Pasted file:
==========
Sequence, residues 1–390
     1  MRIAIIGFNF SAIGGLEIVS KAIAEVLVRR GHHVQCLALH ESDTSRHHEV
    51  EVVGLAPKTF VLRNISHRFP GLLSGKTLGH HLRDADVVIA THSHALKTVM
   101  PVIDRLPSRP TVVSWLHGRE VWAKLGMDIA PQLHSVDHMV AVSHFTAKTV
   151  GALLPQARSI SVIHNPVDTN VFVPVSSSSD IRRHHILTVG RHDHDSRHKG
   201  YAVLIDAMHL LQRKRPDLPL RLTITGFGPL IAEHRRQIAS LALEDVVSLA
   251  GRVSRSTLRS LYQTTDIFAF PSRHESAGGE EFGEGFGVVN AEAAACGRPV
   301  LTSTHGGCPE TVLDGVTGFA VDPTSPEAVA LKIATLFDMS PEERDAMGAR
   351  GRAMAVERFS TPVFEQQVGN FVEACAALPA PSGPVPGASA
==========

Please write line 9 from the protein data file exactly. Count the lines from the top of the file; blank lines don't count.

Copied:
   351  GRAMAVERFS TPVFEQQVGN FVEACAALPA PSGPVPGASA